Florida Panthers

Would-be goalies compete in Panthers’ ‘Goal of a Lifetime’ contest

Goalie coach Robb Tallas put the participants through speed and agility drills, blocking drills, and they faced penalty shots from former Panthers.
Goalie coach Robb Tallas put the participants through speed and agility drills, blocking drills, and they faced penalty shots from former Panthers. MIAMI HERALD STAFF

The hockey Hall of Famer didn’t win. The celebrity TV star didn’t win. Neither did the local junior hockey hotshot who showed up to BB&T Center in a suit.

The Panthers’ newest practice goalie will be either a 26-year-old Southwest Airlines employee or a 34-year-old owner of a paddleboard business after Dustin Smith and Bill Ruggiero were selected as finalists out of the Panthers’ “Goal of a Lifetime” contest Monday in Sunrise.

Smith and Ruggiero topped a field of 58 participants to earn the chance to compete in a shootout during the first intermission of Tuesday’s game against Montreal. The winner will skate as Florida’s practice goalie for the day.

“It’s the opportunity of a lifetime,” said Smith, a California native who played for Middle Tennessee State and now plays in rec leagues in Nashville. “It will be nerve-racking for sure.”

“It’s like a dream,” added Ruggiero, a former journeyman who said he hasn’t played a full season of hockey in five years.

He’s also a California native who now resides in Melbourne Beach.

“I’ll never forget the feeling of being on the ice and being around the team,” he said.

Smith and Ruggiero topped a crowded, heavily lauded and diverse field, which was selected from 1,500 applicants after the Panthers announced the sweepstakes after both Roberto Luongo and Al Montoya were injured earlier in the month.

Florida goalie coach Robb Tallas led two group workouts during which goalies from five states and Canada performed speed and agility drills, blocking drills and faced penalty shots from former Panthers.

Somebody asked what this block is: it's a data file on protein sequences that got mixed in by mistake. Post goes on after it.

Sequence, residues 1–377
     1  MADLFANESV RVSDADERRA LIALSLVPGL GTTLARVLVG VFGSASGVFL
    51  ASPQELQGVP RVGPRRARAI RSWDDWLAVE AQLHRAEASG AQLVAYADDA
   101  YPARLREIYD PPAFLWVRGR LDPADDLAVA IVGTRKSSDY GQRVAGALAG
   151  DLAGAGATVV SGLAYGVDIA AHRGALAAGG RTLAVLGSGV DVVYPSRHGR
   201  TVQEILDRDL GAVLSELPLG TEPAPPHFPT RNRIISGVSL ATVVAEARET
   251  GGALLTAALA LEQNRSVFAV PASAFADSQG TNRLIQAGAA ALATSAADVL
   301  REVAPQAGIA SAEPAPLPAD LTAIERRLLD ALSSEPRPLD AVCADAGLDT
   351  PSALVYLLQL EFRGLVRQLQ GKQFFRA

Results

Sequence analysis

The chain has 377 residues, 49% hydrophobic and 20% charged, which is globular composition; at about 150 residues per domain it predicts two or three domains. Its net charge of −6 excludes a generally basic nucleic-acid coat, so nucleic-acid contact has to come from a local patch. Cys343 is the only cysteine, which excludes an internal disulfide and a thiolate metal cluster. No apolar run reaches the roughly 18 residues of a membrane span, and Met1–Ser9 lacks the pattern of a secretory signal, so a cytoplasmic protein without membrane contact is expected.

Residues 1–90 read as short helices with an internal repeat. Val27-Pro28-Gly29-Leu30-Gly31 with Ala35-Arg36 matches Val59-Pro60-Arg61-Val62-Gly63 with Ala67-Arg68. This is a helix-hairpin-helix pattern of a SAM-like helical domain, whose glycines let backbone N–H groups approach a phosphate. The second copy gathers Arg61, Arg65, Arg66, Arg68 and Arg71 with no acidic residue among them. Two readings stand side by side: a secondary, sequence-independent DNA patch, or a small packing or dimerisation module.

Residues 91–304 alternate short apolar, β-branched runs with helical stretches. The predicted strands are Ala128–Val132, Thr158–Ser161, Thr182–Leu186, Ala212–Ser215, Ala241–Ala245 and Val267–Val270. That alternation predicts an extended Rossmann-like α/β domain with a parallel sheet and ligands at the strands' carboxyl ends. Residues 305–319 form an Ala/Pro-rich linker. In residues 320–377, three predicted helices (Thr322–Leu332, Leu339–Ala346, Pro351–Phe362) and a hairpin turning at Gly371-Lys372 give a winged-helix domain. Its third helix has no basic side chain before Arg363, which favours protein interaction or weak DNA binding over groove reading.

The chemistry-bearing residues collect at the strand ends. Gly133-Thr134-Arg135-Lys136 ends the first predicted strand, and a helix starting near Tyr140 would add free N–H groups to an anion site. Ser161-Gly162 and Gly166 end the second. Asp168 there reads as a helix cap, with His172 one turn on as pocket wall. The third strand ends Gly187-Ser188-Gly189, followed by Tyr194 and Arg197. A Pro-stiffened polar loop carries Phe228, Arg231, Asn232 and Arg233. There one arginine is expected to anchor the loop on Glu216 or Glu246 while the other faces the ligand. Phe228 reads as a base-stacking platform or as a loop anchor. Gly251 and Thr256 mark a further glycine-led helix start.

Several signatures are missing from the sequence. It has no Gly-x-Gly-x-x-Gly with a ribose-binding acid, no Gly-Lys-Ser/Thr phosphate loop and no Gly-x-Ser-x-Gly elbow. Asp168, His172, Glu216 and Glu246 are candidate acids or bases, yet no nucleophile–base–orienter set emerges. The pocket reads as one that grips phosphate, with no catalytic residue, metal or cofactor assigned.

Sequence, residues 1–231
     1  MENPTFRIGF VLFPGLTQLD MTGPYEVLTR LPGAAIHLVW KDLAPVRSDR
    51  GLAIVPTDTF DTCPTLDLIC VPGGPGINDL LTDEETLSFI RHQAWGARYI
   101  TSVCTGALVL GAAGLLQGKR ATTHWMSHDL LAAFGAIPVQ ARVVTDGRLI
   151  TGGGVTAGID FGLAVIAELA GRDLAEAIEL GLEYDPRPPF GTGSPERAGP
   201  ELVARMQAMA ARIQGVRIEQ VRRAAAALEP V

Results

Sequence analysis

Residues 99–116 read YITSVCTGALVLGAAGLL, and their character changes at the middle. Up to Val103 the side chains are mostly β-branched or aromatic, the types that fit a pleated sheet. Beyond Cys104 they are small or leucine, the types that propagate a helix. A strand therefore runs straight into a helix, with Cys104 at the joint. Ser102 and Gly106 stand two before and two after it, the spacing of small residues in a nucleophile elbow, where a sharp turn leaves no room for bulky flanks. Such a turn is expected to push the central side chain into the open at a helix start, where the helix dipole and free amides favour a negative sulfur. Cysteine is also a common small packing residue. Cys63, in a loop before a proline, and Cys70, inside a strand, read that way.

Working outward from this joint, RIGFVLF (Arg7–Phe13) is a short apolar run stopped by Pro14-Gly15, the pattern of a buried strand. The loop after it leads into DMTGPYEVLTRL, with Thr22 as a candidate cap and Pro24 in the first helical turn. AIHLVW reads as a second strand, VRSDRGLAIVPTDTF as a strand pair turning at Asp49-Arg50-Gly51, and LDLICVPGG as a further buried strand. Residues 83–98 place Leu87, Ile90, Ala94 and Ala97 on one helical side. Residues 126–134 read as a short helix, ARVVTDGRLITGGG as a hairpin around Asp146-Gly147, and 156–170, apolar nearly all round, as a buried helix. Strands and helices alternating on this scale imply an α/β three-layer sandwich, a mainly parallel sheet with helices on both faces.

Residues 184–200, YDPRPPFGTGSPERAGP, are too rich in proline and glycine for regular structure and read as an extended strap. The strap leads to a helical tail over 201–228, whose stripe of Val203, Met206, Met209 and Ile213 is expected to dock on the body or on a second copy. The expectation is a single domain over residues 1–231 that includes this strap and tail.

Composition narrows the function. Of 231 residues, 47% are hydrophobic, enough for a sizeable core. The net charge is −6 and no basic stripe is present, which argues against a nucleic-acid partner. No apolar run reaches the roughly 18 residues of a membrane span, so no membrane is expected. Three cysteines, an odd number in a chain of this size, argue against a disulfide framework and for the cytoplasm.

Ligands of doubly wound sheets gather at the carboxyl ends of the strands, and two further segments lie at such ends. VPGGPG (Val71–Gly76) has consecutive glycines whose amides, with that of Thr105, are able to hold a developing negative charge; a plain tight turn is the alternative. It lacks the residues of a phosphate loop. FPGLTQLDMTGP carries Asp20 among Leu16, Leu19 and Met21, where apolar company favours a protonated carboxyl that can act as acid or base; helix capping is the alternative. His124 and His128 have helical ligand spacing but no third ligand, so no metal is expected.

What will be remembered as a day of huge moments for Smith and Ruggiero was littered with smaller but still thrilling moments for the other participants, who all banded together around one dream: to play NHL hockey, even for a split second in time.

They came in all shapes and sizes and full of stories.

There was Darcy Ramstead, who made the impromptu 2,993-mile trip from Blackfalds, Alberta, Canada, in honor of his mother, who was recently diagnosed with cancer.

There was Kira Hurley, a master’s student and goalie coach from Ontario who also happens to be a member of the Hockey Hall of Fame. Hurley was inducted after she became the first female goaltender to register a point in a men’s professional game when she did so in 2009 as a member of the Evansville Icemen.

The was Hunter DePorter, a West Broward High School graduate and current goalie for the Palm Beach Hawks juniors team, who came dressed like the pro he’s working to be.

Then there was Linda Cohn, the 23-year veteran anchor for ESPN’s SportsCenter who made headlines by just showing up to support hockey.

“I hadn’t played in a long, long time, and when I saw this opportunity — the Florida Panthers turned a negative into a positive — I had to do it,” said Cohn, who played goalie at SUNY Oswego in New York. “I thought it would be a great idea.

“When I looked around, I saw all these fabulous goalies taking advantage of this opportunity to live and dream.”

Cohn showed impressive agility and a TV career’s worth of enthusiasm, at one point stopping 11 of 12 shots sent her way during the separate media-only workout.

“[Tallas] worked us hard,” Cohn said. “I mean, really hard.”

Forty-eight of the participants came from Florida. The goalies ranged in age from 18 (Drew Benedict) to 57 (Robert Thomas).

Many expressed gratitude to the Panthers for extending an opportunity to skate with current and former professional players. And all received free tickets to Tuesday’s game.

Only two will be on the ice. The strategy is simple.

“Stop the next puck,” Ruggiero said.

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